The edge and major potential advantage we have may lie in this very area, which I sense could be further leveraged for increased staff engagement and retention. Is this not why companies wish to partner with us, volunteers want to work with us and donors want to support us? Perhaps it’s time to better partner with ourselves, starting with our own staff for the benefit of community, society and the planet.

Ariane Gallop

DIRECTOR OF DEVELOPMENT, VICTOR CHANG CARDIAC RESEARCH INSTITUTE


The Victor Chang Institute is internationally recognised for the quality of its scientific discoveries. However, federal government funding for medical research

remains at an historic low and as a result we will be largely reliant on fundraising to continue our work. The commitment to more than double our fundraising over four years has seen the fundraising team grow from three staff to a team of 10 in the last three years. To effectively meet this challenge, I needed to build a committed and loyal team and, as such, it was important to recruit to our organisation’s values and team fit.


The cost of replacing a position is estimated to be around 150% of the annual salary for that position so it is incredibly important to retain staff. In our sector staff no longer hold sacred tenure with their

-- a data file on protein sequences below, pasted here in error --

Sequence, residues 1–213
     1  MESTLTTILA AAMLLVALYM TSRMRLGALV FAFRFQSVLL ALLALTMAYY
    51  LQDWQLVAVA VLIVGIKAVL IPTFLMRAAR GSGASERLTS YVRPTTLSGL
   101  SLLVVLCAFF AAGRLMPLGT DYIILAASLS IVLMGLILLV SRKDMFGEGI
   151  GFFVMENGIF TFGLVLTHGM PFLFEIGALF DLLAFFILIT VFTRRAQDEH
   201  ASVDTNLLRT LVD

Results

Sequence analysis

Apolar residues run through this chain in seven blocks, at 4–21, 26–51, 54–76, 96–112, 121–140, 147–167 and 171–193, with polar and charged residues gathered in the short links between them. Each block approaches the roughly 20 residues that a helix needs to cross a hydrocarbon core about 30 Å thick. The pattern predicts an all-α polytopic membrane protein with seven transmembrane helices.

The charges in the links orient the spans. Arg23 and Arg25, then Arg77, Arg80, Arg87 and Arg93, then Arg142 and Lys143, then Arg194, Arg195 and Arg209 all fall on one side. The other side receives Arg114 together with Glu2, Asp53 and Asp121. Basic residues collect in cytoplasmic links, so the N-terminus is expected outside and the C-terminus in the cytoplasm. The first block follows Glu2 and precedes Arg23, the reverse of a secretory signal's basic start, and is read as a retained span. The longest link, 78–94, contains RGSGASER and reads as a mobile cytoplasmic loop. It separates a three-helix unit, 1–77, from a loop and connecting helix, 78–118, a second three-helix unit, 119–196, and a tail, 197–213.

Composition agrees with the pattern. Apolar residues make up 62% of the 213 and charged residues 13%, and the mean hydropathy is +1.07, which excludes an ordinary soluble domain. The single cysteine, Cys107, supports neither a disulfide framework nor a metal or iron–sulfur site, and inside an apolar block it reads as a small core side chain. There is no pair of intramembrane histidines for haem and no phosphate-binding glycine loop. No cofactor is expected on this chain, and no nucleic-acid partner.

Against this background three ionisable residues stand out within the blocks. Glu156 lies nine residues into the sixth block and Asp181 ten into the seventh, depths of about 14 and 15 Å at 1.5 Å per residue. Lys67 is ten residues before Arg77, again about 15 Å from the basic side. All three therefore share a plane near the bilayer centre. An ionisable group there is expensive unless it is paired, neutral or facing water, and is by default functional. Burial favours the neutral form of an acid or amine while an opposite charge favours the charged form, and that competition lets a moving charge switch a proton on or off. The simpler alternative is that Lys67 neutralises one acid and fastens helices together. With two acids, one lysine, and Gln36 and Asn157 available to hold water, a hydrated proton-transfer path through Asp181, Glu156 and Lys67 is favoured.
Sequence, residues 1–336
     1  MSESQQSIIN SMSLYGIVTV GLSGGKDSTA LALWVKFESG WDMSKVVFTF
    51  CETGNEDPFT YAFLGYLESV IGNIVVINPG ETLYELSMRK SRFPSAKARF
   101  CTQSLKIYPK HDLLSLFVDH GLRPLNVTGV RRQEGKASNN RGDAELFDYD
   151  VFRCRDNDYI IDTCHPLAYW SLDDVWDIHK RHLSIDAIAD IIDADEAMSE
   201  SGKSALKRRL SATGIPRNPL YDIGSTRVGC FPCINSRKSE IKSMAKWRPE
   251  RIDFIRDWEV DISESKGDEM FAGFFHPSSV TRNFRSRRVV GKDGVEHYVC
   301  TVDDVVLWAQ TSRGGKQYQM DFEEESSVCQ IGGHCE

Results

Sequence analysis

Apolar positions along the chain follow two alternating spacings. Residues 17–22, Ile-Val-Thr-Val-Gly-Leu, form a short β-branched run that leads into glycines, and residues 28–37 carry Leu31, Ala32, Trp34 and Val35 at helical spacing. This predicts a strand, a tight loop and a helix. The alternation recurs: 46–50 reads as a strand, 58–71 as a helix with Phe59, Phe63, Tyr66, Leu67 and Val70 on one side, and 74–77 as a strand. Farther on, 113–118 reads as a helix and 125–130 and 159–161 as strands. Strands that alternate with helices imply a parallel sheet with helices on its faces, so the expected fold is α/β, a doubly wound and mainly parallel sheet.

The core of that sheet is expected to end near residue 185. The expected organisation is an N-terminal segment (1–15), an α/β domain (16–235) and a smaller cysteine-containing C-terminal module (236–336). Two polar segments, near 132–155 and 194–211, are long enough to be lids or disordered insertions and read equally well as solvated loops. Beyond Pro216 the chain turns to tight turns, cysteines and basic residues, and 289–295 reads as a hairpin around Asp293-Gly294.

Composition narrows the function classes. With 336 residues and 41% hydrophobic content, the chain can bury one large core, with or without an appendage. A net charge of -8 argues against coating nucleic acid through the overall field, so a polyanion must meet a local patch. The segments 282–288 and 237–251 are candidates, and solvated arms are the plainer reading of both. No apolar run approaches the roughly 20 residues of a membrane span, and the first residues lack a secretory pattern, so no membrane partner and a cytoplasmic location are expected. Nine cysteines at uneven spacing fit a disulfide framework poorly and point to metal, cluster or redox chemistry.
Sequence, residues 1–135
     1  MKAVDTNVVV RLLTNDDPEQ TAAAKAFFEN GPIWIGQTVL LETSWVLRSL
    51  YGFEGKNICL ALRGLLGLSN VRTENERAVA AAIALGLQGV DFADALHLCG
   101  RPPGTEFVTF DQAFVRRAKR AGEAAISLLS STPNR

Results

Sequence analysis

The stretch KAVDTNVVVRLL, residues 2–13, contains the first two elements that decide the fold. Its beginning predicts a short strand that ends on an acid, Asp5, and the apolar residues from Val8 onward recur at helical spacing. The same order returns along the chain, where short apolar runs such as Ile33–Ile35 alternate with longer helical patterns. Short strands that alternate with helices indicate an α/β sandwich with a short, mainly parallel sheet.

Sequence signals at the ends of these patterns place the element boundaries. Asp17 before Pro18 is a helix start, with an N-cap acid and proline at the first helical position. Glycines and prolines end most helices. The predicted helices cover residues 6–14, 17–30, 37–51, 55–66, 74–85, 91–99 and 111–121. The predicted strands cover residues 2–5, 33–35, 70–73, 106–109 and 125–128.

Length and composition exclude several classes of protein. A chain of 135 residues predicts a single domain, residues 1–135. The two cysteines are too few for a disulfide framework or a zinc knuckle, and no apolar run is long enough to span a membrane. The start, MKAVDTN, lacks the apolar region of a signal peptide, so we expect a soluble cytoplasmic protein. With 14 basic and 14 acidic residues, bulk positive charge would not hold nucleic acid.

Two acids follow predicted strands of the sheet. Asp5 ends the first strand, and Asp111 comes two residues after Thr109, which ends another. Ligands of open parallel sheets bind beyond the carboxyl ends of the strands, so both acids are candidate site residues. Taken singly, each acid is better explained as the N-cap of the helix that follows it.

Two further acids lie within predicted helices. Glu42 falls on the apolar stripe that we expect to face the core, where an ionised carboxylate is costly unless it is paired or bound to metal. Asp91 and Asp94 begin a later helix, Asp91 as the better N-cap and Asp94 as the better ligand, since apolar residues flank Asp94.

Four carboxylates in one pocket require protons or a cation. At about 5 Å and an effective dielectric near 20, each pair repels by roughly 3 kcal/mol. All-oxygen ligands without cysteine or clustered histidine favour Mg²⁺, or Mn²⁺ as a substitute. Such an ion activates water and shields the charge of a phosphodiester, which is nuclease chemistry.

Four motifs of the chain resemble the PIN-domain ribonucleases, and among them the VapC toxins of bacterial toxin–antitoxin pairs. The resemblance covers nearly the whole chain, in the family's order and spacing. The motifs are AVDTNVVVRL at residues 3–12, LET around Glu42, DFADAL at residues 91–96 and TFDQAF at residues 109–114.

current employer over looking for a job that better suits their lifestyle and career goals. In my experience job satisfaction is key to keeping talented people and this is largely influenced by factors relating to employee engagement and to a lesser extent remuneration.


It is essential to respect and value your staff's skills and expertise. Effective leaders hire staff because they believe they can complete the work successfully. I firmly believe strong performers value independence and flourish when they can take ownership of their programs and explore their own ideas. If you have agreed on strategy and budget, and your staff are well briefed, let them take the ball and run with it. Often, they will rise to the occasion and you will get the benefit of empowered and loyal people who produce pleasing results.


In the fast-paced environment in which we live, flexible work arrangements are highly sought after. These can vary from working from home arrangements to making it easy to attend school activities

or family emergencies. Allowing my team members to balance their work and personal demands demonstrates that the organisation cares about their wellbeing and that we trust them to get their job done.


It is also vital to give credit where credit is due. Financial rewards such as a raise or a bonus are always welcome, however not always possible. Acknowledging success and thanking staff validates their contribution, and as a result their motivation and loyalty grow.


Engaging with team members about their lives also builds rapport. Taking an interest in their families and lending an empathetic ear on occasion can go a long way when challenges arise or budgetary

constraints prevent you from giving them a pay rise.


Finally, competitive salaries are critical. We benchmark our salaries against industry standards and encourage our staff to take advantage of the before tax benefits provided by salary packaging.